How to Prepare For a Deposition

A deposition can be a scary situation to be in before a case goes to trial, but it is one that most plaintiffs can’t avoid. So, if you want to avoid harming your case, it is important to know why depositions are held, their purpose to the defense and how to deal with them effectively. 

Here we’re going to break down what a deposition is, what the goals are and how to prepare yourself for a deposition. 

One thing to remember is never to speak to anyone about your case. Let your legal team handle all the aspects of your case and any communication with the opposing counsel. The less information the other side has, the less they can try to disprove your case or use your words against you. 

That being said, if a deposition is requested, you generally must submit to it, but you don’t have to go in blind, not knowing what to do. 

What is a Deposition? 

A deposition is typically done during the exploration phase of a case and involves the defense interviewing the plaintiff for a question and answer session that is taken under oath with a court official present. 

During this time legal teams are present for both sides. There are several purposes for a deposition. First of all, the defense is looking to judge the character and standing of the plaintiff, whether they seem truthful or sympathetic, and how they will appear to a jury. 

Second, the opposing counsel is trying to gain evidence that may be used against you or for their case. This is one reason why it is important to prepare for your deposition before it happens so that the opposing counsel is given only what they are legally required to know about the case and they cannot use any statement or information against you. 

Lastly, because depositions are taken under oath, it is a way for the opposing counsel to trap you into statements because they can compare statements from the deposition to statements given in court and point out flaws or inconsistencies which may hurt your case. 

Depositions are fully recorded and a certified court reporter normally creates a transcript of all the questions and answers. Since the onset of the COVID-19 pandemic, most depositions are also video recorded as they are held using video conferencing technology such as Zoom.

Preparation Tips 

Your legal team should work with you throughout the entire process, so there’s no reason to be scared or to feel alone when facing a deposition. With the help of these tips we hope you’ll know exactly what to say to get through the deposition while keeping your case strong and intact

Go Over The Facts of Your Case With Your Attorney 

The first thing you should do is go over the strong points of your case with your attorney. Know the facts and be prepared to present them. This will also help you discover any weak points in your case and how to avoid giving this information over to the opposing counsel.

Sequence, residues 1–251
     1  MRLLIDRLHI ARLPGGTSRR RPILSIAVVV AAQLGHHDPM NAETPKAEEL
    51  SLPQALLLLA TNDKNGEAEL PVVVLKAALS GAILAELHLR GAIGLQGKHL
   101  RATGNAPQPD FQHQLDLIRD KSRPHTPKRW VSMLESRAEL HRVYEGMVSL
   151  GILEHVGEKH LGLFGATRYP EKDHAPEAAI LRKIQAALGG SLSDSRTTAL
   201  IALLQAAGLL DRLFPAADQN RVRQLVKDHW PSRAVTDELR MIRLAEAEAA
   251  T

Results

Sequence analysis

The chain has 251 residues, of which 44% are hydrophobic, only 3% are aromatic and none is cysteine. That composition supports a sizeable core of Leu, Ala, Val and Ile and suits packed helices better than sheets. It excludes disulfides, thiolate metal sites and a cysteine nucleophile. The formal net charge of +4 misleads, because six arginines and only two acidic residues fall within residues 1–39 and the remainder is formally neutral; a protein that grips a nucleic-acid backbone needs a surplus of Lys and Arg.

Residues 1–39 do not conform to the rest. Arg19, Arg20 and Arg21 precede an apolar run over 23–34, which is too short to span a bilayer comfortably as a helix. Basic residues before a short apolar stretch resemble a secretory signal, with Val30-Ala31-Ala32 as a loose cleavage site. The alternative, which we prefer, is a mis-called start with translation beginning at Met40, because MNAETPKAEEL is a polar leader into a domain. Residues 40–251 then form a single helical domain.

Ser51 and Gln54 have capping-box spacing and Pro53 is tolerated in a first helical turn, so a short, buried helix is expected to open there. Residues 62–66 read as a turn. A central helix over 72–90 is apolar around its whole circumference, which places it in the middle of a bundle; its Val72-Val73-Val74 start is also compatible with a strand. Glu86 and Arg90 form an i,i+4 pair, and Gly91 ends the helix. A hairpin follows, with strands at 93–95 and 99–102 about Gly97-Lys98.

Practice and rehearse your statements and know what information you are ok with giving. 

Never Volunteer Unnecessary Information 

Remember that you are trying to protect your case and that giving any information away that is not directly asked of you can harm your case. Answer the questions asked, directly and truthfully, but never say more than is necessary. 

The one asking the questions is going to be fishing for information, so the less you give them, the better for your case. 

Be Clear, Don’t Lie, and Don’t Guess 

You’re under oath so you’ll be legally obligated to tell the truth, but that doesn’t mean that you can answer every question that is asked of you. If you can’t remember a specific fact or piece of information that the person is seeking, say so. 

If you did know, but can’t recall, say so. Give your answers to the best of your ability, but do not hesitate to speak up if you can’t remember or are uncertain and explain yourself. No one has a perfect memory and they cannot force you to admit to something if you truly don’t recall. 

Remain Silent Until Asked a Question and Wait For the Full Question Before Responding 

Everything you say during a deposition is being recorded, even if speaking in between questions. Therefore, you should only speak when you have to. When asked a question, make sure you hear the entire question and most importantly, that you understand the full context of the question before answering. 

Answering early or going beyond the scope of the question can lead to mistakes in your testimony that can be used against you, so keeping it short and simple is the best solution to getting through the deposition. 

Use Your Legal Team 

Depositions can be long and intense. The opposing counsel can ask hours of questions, oftentimes delving into a person’s life and personal history. This can be stressful and difficult to deal with, but so long as you prepare for these possibilities you can make it through. 

Any sensitive details such as childhood trauma or life events that may be difficult to deal with can be brought up, so talking through these issues beforehand can prepare you with how to respond. If questions go too far beyond the scope of exploration your attorney can object and have the question removed. 

So, always make use of your legal team and lean on them for support

To Sum Up

There you have it, our tips for how to prepare for a deposition. No two depositions are the same, but by following these tips and using your legal team effectively, it is possible to get through a deposition and have a strong case.